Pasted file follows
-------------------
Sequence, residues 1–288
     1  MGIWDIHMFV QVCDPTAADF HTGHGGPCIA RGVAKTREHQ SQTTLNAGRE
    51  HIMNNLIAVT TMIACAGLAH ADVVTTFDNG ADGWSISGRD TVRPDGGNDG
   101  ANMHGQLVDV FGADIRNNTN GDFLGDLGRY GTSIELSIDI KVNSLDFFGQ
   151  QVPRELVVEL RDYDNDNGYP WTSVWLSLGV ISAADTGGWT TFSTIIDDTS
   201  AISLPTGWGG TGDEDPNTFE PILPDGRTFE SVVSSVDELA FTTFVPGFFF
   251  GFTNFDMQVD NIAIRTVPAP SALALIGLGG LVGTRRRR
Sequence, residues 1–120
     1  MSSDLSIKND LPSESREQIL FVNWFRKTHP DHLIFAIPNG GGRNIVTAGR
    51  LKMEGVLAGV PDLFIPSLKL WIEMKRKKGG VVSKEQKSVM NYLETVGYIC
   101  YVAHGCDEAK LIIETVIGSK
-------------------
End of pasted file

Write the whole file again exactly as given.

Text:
Sequence, residues 1–288
     1  MGIWDIHMFV QVCDPTAADF HTGHGGPCIA RGVAKTREHQ SQTTLNAGRE
    51  HIMNNLIAVT TMIACAGLAH ADVVTTFDNG ADGWSISGRD TVRPDGGNDG
   101  ANMHGQLVDV FGADIRNNTN GDFLGDLGRY GTSIELSIDI KVNSLDFFGQ
   151  QVPRELVVEL RDYDNDNGYP WTSVWLSLGV ISAADTGGWT TFSTIIDDTS
   201  AISLPTGWGG TGDEDPNTFE PILPDGRTFE SVVSSVDELA FTTFVPGFFF
   251  GFTNFDMQVD NIAIRTVPAP SALALIGLGG LVGTRRRR
Sequence, residues 1–120
     1  MSSDLSIKND LPSESREQIL FVNWFRKTHP DHLIFAIPNG GGRNIVTAGR
    51  LKMEGVLAGV PDLFIPSLKL WIEMKRKKGG VVSKEQKSVM NYLETVGYIC
   101  YVAHGCDEAK LIIETVIGSK